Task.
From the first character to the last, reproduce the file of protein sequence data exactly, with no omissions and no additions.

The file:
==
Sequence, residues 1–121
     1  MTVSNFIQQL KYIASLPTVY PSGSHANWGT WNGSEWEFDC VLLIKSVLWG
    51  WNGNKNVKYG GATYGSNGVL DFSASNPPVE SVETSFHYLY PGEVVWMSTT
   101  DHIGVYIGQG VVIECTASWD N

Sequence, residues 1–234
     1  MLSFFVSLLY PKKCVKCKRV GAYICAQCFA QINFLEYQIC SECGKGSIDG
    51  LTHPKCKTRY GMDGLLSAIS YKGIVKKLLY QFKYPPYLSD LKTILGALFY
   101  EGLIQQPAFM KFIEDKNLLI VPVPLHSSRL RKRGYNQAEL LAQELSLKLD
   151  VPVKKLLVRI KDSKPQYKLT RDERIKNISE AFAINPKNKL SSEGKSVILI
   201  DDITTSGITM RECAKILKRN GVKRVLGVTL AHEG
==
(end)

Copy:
Sequence, residues 1–121
     1  MTVSNFIQQL KYIASLPTVY PSGSHANWGT WNGSEWEFDC VLLIKSVLWG
    51  WNGNKNVKYG GATYGSNGVL DFSASNPPVE SVETSFHYLY PGEVVWMSTT
   101  DHIGVYIGQG VVIECTASWD N

Sequence, residues 1–234
     1  MLSFFVSLLY PKKCVKCKRV GAYICAQCFA QINFLEYQIC SECGKGSIDG
    51  LTHPKCKTRY GMDGLLSAIS YKGIVKKLLY QFKYPPYLSD LKTILGALFY
   101  EGLIQQPAFM KFIEDKNLLI VPVPLHSSRL RKRGYNQAEL LAQELSLKLD
   151  VPVKKLLVRI KDSKPQYKLT RDERIKNISE AFAINPKNKL SSEGKSVILI
   201  DDITTSGITM RECAKILKRN GVKRVLGVTL AHEG